Grown at high altitude in the Tirolean Alps the organic herbs we use really pack a punch. They are expensive but unmatched in flavour and intensity by any other herb we ever tried. The huge Alpine loaves of bread baked in the region are flavoured with trigonella, which is only grown in Tyrol. Trigonella is a member of the fenugreek family; a small amount goes a long way! The Mulser family have created a special blend of trigonella, fennel, coriander and caraway for our turmeric bread and a blend of sage, thyme, leeks and chives for our soya bites. You can buy these herbs as our 'stuffing mix' or in the little refill pots under 'herbs and spices'. The Alpine flowers are just a delight - their colour is vibrant; what could be nicer on a cupcake that tiny real flowers sparkling in their natural beauty. At £300 per kilo they are our most expensive ingredient!
Agrano are the only makers of organic yeast and organic aluminium and phosphate-free baking powder. Yeast and baking powder are hugely important ingredients to the food industry but as a consumer we don't seem to pay much attention to them, when we should! The difference between producing organic yeast and normal yeast is manyfold but environmentally important: The effluent from one is full of toxic chemicals from the yeast making and cleaning process and the 'effluent' from the other is mixed with apple juice for a Vitamin B-enriched fruit drink. More on chemical leavening and yeast can be read in our FAQs.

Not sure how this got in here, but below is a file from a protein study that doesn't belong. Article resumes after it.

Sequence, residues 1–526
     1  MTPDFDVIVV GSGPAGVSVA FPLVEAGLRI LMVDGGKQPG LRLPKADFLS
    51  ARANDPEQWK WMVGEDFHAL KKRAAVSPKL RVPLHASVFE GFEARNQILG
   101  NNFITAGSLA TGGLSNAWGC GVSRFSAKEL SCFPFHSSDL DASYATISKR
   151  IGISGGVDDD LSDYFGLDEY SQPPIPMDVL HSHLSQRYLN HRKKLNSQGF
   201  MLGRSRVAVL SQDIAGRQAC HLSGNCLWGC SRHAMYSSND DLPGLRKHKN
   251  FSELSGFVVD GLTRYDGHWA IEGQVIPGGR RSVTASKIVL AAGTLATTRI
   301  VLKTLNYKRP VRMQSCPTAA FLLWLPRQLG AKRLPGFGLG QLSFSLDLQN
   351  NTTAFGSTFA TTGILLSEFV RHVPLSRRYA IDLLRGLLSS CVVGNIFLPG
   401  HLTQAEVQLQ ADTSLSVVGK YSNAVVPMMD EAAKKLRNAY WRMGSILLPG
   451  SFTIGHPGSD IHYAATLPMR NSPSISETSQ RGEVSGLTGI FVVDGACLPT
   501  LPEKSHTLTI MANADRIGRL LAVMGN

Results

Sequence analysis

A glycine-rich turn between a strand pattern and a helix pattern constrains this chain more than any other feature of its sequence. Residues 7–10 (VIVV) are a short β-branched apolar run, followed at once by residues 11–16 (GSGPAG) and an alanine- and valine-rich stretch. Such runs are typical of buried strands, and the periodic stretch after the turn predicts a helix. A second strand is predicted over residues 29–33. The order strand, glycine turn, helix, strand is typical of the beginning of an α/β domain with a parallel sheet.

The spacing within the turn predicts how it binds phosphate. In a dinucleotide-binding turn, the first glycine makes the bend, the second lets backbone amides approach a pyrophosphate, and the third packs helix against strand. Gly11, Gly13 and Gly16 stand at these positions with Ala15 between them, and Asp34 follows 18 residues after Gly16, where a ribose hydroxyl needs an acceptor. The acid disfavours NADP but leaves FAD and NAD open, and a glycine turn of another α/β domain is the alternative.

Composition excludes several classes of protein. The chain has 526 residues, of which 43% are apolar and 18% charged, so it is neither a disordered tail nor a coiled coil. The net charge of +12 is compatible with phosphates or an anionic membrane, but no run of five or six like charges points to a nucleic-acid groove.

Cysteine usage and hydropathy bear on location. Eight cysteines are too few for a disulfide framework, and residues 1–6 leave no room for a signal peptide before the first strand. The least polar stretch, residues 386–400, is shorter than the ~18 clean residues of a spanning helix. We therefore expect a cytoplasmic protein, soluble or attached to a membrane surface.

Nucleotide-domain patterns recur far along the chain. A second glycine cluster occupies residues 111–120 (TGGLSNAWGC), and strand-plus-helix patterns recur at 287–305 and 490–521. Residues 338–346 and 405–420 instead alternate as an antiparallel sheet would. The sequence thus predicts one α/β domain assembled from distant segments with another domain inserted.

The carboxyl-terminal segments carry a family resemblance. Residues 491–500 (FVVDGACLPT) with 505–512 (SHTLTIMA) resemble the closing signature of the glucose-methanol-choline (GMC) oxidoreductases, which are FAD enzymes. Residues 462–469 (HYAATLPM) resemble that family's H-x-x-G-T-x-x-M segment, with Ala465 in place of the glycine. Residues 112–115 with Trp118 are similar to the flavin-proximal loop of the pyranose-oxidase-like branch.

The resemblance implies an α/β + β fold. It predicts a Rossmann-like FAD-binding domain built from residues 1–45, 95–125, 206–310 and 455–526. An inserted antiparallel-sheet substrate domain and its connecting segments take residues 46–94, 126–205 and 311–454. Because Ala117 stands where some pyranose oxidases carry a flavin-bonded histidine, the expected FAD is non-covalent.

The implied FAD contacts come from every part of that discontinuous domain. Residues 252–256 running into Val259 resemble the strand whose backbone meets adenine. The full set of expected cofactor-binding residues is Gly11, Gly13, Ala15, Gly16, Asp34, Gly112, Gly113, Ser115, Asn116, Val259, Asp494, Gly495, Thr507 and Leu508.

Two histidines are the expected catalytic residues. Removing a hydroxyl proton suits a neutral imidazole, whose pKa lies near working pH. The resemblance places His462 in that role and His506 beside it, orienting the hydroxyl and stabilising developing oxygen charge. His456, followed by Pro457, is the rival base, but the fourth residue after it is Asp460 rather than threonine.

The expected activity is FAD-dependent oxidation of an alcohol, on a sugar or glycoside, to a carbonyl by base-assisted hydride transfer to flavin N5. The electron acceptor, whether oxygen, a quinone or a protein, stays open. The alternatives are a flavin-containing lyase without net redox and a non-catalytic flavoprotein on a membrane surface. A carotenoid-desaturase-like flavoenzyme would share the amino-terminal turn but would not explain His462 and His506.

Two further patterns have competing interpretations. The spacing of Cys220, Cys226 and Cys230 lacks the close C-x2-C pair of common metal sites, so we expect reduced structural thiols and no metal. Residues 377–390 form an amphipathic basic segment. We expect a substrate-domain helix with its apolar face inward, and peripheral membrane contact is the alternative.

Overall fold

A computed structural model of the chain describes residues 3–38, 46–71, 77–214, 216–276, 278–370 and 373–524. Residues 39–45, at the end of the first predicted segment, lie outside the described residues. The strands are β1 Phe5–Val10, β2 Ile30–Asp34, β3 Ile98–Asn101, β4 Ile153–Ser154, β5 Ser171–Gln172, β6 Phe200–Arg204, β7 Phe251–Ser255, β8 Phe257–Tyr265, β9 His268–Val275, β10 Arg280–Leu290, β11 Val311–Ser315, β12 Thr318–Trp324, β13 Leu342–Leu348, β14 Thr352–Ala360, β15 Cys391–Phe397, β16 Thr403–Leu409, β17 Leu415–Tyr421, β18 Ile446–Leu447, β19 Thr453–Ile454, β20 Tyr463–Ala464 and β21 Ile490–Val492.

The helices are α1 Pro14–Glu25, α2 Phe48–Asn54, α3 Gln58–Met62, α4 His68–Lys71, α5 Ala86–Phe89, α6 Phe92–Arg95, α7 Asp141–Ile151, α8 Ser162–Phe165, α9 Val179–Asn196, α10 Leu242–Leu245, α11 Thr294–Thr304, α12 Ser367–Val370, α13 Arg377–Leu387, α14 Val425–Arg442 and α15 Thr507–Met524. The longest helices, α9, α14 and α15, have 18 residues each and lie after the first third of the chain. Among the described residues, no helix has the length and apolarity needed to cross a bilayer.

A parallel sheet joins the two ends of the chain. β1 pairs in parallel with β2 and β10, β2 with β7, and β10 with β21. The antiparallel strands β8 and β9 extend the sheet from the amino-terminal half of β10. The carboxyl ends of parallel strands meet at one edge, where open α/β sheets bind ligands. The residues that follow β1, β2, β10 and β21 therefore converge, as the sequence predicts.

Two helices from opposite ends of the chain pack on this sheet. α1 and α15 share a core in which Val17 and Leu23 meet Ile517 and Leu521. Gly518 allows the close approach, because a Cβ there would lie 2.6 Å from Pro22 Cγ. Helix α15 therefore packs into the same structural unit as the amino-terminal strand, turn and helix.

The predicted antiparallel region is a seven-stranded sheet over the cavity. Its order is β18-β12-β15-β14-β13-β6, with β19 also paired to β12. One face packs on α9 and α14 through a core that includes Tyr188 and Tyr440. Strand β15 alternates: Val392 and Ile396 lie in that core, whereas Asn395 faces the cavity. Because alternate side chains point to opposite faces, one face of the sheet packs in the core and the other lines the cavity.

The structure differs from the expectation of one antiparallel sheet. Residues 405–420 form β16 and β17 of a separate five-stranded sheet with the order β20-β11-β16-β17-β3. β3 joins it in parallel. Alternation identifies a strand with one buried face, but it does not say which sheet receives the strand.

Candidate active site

We could just make our rice crackers with water - after all they are dried to a crisp and all the water evaporates. But we decided to use beer - it leaves the crackers extra crunchy and with a lovely shiny gloss. The bitter sweet malty taste is all that is left from the beer. We tried to buy organic gluten free beer locally but that was not available - then we tried to make our own beer - but that proved too complicated and the beer came out green after we put too many hops into it. Luckily there is a brewery who makes the perfect beer - its organic and gluten free and delicious!
Buckwheat (fagopyrum esculentum) is not a wheat - it is a member of the rhubarb family. The slightly pink colour is a give-away! Unlike most grains it is, along with quinoa and soya, considered more alkalizing than other grains. In baking this pseudo grain behaves quite different to any other grain and it has taken us by surprise many times. The grain makes a soft flour - traditionally used for Blinis with an earthy nutty taste.
Also known as 'St Johns bread' (Ceratonia siliqua). St. John was supposed to have lived on the fruits of the carob tree. The seeds of the carob plant are processed to carob gum, a natural thickener. The pod without the seeds is dried and ground into carob powder which is similar to cacao but less bitter and without caffeine. That is why carob powder is especially recommended for children and can be used like cacao powder. Carob is a starchy substance with 30-40% sugar, 35% starch and fibre, 5% protein and 3% minerals including iron and calcium, 0.5% fat. Great if you want to avoid sugar and chocolate!